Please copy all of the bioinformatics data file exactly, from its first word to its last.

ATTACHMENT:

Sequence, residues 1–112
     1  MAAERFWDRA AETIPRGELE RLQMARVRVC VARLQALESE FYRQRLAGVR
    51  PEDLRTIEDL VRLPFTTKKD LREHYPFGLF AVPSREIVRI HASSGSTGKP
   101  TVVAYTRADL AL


Sequence, residues 1–112
     1  MAAERFWDRA AETIPRGELE RLQMARVRVC VARLQALESE FYRQRLAGVR
    51  PEDLRTIEDL VRLPFTTKKD LREHYPFGLF AVPSREIVRI HASSGSTGKP
   101  TVVAYTRADL AL